When they took Mum to hospital
her face was yellow, belly swollen
tight as a bloody drum, dad said
on the phone. It was mid-April
and I watched the laburnum’s
grey-green leaves being ruffled
by the wind. Just for a few tests,
he said. I sat on the sofa, dopey
with tramadol; the last daffodils
had shrivelled brown; blackbirds
fussed around ivy so overgrown
the fence tilted under its weight.
Don’t go worrying. Women wearing
white salwar kamiz carried bowls
of curry and rice from house to house.
He said she knows you can’t come.
Sharon retired from her career in education in 2015 and started learning to write poems. Her work has most recently appeared, or is forthcoming, in The High Window, Amaryllis, Three Drops from a Cauldron and Words for the Wild
Green fields moss-stitched with beet or fuzzed
this seat taken the service to London Waterloo
with shoots of winter wheat copper leaves on forest
finish your drink our next station good for you
floors sky bleached to old denim by February sun
behave what’s this dump don’t flush while seated
greendark cuttings dazzle of silver frosted roofs
hello on the train mind your fingers relax
flint-grey platforms splatted white with cockle
suspicious items I can’t help already said that
shells of chewing gum and gobs of pigeon shit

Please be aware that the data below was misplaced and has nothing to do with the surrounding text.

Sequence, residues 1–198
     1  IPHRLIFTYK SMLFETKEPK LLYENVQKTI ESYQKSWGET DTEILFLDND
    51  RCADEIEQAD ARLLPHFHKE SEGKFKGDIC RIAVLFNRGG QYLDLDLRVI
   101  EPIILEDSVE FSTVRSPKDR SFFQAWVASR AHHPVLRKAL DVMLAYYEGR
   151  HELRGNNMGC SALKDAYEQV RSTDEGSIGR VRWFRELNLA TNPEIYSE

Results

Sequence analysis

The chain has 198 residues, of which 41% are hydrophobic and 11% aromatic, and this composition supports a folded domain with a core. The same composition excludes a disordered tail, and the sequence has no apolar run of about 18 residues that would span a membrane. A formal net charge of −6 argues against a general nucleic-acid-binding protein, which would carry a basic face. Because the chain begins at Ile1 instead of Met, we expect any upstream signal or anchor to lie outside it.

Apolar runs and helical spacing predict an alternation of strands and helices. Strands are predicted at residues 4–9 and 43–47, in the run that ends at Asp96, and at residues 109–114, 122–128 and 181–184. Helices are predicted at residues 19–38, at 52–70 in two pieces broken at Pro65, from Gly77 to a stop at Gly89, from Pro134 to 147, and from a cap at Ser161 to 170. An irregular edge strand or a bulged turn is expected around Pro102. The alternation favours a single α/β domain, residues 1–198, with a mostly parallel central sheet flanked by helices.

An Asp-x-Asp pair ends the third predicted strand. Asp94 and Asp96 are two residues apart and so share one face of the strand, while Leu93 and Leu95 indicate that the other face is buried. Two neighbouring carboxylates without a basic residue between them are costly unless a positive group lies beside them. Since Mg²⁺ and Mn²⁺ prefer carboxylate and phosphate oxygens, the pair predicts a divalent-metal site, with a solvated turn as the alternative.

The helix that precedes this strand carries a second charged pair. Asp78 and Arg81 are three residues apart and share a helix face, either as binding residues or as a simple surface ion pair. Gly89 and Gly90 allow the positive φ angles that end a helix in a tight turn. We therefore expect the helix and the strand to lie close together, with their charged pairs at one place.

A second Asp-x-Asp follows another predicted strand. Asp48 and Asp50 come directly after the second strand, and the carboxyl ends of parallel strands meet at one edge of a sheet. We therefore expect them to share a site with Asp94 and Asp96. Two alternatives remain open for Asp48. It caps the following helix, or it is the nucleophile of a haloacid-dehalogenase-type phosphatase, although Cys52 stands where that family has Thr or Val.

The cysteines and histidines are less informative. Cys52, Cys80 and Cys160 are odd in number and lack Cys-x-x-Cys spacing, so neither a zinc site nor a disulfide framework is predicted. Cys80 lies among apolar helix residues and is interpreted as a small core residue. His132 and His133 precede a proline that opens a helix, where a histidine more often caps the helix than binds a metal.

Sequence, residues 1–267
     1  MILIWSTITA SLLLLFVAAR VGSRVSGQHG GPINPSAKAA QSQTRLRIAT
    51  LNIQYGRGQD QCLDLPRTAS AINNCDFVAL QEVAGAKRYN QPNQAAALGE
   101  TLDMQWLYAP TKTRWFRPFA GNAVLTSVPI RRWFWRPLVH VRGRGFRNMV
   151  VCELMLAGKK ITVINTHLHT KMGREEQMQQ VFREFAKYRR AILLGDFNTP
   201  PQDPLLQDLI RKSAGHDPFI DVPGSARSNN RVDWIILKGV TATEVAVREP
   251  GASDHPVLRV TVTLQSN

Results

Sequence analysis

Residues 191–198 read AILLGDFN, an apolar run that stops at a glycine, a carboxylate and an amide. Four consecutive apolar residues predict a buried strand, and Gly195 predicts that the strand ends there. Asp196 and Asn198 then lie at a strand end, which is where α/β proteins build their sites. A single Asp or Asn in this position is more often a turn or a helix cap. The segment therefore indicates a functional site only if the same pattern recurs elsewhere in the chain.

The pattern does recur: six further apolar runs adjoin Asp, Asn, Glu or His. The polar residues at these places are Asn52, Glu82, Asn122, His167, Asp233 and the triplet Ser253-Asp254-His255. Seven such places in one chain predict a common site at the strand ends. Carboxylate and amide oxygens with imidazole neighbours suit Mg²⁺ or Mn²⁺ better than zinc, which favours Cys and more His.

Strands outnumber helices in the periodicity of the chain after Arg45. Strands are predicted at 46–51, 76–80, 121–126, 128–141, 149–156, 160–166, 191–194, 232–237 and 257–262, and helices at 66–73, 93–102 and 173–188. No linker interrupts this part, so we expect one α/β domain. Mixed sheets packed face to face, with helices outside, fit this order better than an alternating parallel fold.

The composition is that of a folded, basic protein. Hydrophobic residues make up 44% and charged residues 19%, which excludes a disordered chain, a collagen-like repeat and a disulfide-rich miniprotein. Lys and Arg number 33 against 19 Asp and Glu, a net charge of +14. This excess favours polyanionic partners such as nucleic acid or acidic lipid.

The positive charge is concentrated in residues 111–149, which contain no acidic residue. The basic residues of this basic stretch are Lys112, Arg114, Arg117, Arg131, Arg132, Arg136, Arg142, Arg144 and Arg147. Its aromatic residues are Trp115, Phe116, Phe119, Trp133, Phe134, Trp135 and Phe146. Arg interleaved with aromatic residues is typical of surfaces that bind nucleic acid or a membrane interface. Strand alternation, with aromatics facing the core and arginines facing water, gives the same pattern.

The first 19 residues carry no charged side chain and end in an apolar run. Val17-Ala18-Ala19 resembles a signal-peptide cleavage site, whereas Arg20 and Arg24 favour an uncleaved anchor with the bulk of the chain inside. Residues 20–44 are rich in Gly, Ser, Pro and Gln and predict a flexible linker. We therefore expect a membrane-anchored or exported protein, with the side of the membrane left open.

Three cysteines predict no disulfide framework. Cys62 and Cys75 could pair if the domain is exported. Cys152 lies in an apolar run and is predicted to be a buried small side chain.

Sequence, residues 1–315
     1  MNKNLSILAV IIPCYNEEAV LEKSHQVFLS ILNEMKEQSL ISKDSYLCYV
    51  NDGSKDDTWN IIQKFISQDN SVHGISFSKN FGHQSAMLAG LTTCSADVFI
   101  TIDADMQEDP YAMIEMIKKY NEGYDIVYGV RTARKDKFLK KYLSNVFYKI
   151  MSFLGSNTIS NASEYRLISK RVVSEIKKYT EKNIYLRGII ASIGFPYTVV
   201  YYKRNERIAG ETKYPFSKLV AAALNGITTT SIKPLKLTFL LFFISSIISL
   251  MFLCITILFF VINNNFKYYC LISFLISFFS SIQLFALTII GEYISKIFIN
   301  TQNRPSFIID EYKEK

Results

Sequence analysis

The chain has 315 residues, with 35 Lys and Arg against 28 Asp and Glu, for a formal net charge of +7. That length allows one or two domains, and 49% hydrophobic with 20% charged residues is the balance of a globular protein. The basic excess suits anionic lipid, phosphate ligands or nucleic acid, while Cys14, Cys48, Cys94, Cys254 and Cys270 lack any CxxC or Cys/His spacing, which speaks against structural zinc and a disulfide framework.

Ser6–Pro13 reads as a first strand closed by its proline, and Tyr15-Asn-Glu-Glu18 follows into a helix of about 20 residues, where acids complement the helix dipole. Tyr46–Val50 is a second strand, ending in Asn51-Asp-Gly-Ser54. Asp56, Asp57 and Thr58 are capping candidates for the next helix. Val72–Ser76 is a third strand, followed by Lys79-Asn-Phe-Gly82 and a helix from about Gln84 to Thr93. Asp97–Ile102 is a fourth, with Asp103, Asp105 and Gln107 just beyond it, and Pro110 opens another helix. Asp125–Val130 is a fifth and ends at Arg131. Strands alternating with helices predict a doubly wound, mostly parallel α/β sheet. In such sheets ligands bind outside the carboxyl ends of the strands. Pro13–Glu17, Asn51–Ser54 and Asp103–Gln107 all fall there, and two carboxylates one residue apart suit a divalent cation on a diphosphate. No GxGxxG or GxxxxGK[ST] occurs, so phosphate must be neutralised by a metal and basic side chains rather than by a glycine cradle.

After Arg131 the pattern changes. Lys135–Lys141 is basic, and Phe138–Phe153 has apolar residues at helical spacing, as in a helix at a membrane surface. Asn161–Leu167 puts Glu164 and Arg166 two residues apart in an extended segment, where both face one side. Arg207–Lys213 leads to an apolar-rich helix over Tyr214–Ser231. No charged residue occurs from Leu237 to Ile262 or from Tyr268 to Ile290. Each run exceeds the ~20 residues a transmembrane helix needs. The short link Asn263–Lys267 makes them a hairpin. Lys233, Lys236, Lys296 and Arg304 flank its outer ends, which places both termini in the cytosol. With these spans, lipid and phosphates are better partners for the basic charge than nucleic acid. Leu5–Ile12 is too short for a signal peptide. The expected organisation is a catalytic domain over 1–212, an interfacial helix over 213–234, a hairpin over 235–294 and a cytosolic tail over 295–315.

information have a sandwich in all carriages
yellow brick terraces rusty cars in wreckers’ yards
want a roll it’s a small town kill my husband
metal-clad office blocks with art deco curves
too damp dadada see a show have a drink
building sites where bony cranes pause to confer
get lost arriving at I don’t know what to do.
Sharon is retired and lives in Dorset. Her poems have been published on websites including Ink, Sweat and Tears, Algebra of Owls and Snakeskin.
Mum saw snowflakes fall in the ward
the night before she died. Snowflakes,
she said, or they might be sparkles
falling like snowflakes. Can you
see them over there? she asked,
it’s not right. You’ve got to tell them.
Tell them about your father. How
he shouts at me. They think he’s
a hero. He won’t come when I call.
He says I’m a nuisance. Help me.
I thought of how he’d whistle for her
when he wanted food or drink.
How trapped she’d felt. How
carefully he’d loved her
the time that she broke down.
Can you see the snowflakes? she asked,
so I fiddled with the oxygen tubes
and tried to find an answer
and she stared at the snowflakes
that sparkled in the hospital night.
Sharon retired in 2015 after a career in education and started to write poems and stories again, after a break of forty years. She lives in Dorset with her husband, two dogs and two cats and is currently studying for an MA in Creative Writing. Her poems have been published in Three Drops from a Cauldron and Snakeskin.